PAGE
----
Sitting with Kaepernick: Why these women are opting out of fantasy football

Robert Hanashiro-USA TODAY Sports

Supporting Colin Kaepernick meant opting out of fantasy football for some fans.

As NFL players suit up and return to the gridiron, some fans have decided to give up a season of rooting for their home team and favorite players. There will be no draft boards, no kitschy fantasy football team name and definitely no nail-biting, down-to-the-wire wins to celebrate. Instead, they're gearing up to take on the NFL and team owners in defense of quarterback-activist Colin Kaepernick.

Kaepernick protested social inequality by kneeling during the national anthem before games last season. He opted out of his San Francisco 49ers contract in March and remains a free agent, with the new season just 23 days away.

Recently, more than 170,000 people signed the "#NoKaepernickNoNFL" petition on, pledging to boycott the league until Kaepernick is added to a roster. Among the many fans contemplating a protest are women, who make up 45 percent of the NFL's audience and 34 percent of the fantasy sports market.

Despite playing fantasy football for seven seasons and subscribing to premium NFL television packages, Kimberly Bennett, a 38-year-old attorney and lifelong New York Giants fan, has made the difficult decision to deprive herself of NFL enjoyment. "I feel like my hand was forced," she said.

She's not alone. Kellie Hockless, 38, said her avidity for the game started to wane last season. "I can't even name all of the starting quarterbacks anymore," the Brooklyn resident said when discussing her lack of enthusiasm for the 2017 season.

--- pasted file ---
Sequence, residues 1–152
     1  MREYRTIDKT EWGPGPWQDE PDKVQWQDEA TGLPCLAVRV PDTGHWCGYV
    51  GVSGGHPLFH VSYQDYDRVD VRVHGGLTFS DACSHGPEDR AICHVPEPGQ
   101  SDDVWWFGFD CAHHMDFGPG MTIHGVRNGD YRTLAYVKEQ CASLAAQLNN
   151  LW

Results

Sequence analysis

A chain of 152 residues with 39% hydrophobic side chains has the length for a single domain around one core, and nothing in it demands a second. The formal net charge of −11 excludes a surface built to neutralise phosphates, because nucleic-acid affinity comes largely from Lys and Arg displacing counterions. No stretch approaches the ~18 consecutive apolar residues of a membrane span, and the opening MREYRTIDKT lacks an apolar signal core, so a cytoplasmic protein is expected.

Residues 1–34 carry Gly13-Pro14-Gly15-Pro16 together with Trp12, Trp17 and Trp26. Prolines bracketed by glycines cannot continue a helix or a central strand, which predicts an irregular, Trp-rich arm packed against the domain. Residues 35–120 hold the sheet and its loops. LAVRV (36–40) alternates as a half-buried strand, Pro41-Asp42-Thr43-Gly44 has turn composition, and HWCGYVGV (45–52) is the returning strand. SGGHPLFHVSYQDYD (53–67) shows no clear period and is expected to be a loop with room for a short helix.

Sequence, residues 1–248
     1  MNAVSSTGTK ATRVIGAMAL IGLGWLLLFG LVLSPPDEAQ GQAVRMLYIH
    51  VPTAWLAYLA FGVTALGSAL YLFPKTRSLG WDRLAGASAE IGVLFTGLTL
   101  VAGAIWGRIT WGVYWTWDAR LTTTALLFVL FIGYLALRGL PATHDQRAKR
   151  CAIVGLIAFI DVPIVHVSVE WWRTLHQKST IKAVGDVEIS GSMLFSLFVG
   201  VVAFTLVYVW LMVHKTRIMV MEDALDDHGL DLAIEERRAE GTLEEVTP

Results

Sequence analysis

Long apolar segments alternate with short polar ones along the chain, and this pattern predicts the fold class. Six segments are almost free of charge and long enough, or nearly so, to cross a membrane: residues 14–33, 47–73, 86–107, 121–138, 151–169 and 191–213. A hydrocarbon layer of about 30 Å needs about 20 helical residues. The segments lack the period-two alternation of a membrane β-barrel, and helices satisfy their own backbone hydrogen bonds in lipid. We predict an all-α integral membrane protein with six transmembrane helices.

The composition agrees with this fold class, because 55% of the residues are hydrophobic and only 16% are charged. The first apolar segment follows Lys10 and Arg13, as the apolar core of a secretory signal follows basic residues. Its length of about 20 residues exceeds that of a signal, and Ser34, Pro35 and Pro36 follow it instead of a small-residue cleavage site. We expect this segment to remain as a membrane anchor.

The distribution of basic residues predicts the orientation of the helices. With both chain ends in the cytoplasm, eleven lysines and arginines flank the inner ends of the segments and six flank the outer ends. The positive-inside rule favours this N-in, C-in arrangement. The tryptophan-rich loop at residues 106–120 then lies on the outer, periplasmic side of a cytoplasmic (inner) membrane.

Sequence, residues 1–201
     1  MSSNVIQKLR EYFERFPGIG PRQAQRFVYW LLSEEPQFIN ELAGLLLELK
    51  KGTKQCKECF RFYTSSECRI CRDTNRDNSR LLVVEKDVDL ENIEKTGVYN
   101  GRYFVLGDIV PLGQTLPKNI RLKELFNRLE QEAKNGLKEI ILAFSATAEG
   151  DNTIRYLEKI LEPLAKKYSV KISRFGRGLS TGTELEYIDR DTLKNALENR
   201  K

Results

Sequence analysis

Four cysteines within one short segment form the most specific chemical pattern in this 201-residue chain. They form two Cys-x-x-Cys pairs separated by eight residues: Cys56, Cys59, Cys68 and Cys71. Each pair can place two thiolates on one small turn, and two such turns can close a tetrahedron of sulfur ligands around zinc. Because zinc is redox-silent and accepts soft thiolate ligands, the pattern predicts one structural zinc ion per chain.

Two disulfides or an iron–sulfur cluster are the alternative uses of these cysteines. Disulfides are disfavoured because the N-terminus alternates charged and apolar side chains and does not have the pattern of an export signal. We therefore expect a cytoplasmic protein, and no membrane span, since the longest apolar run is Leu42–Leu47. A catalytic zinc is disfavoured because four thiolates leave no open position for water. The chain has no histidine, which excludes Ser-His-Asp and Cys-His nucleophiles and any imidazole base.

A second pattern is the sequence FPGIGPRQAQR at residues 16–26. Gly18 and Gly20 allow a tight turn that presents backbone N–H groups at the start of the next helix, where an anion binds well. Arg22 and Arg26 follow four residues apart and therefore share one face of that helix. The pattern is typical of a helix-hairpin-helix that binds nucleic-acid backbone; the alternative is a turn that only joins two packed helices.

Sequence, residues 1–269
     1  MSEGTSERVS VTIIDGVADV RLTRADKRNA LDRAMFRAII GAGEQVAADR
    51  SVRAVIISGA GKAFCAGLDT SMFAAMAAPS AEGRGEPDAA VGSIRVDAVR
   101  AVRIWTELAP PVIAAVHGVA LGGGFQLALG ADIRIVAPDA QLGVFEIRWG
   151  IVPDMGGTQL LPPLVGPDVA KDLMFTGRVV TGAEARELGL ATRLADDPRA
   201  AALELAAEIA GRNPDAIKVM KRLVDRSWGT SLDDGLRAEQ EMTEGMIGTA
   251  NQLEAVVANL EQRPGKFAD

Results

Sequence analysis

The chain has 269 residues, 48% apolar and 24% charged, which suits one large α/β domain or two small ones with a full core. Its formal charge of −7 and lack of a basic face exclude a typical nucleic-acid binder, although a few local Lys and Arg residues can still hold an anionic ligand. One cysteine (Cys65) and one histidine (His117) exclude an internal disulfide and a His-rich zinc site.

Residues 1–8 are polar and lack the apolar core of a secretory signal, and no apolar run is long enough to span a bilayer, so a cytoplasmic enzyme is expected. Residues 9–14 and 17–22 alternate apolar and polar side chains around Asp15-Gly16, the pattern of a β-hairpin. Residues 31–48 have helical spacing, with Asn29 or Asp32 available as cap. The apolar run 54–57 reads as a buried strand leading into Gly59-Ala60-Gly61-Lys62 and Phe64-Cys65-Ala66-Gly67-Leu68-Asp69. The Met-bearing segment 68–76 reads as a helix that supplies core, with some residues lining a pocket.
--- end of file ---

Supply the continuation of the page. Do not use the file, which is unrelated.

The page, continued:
Kaepernick's 2016 protest being misrepresented as anti-American, anti-military and anti-law enforcement along with the NFL's handling of multiple domestic incidents and lukewarm response to the dangers of concussions turned Hockless off from the game a year ago.

"With each day it becomes more and more evident that this game that we love so much is not good for human beings to play," she said.

In speaking of her choice to fully boycott the upcoming season if Kaepernick remains unsigned, she said of the NFL, "They don't care about anything else besides the bottom line. Not human life. Not women. Not black lives -- nothing."

Ohio native and academic adviser Natalie Everett, 38, views the NFL's shunning of Kaepernick as a pointed message to not just Kaep, but other players, as well. "When a person becomes too outspoken and does more than entertain the masses, usually there's somebody that comes in and wants to humble them a little bit," Everett said.

And therein lies the issue for most pro-Kaepernick fans. The collective refusal by NFL owners to sign Kaep can't be explained away for football reasons alone. Though his production has declined in recent years, last season he started 12 games, threw for 2,241 yards, 16 touchdowns and four interceptions, and posted a 90.7 passer rating. He was far from being the least-efficient quarterback in the league.

When starting quarterback Joe Flacco of the Baltimore Ravens went down with an injury that will prevent him from playing in the preseason, it was reported that the Ravens were interested in signing Kaepernick. However, any optimism about Kaepernick landing that job diminished when it was reported that Ravens owner Steve Bisciotti was resistant to the idea.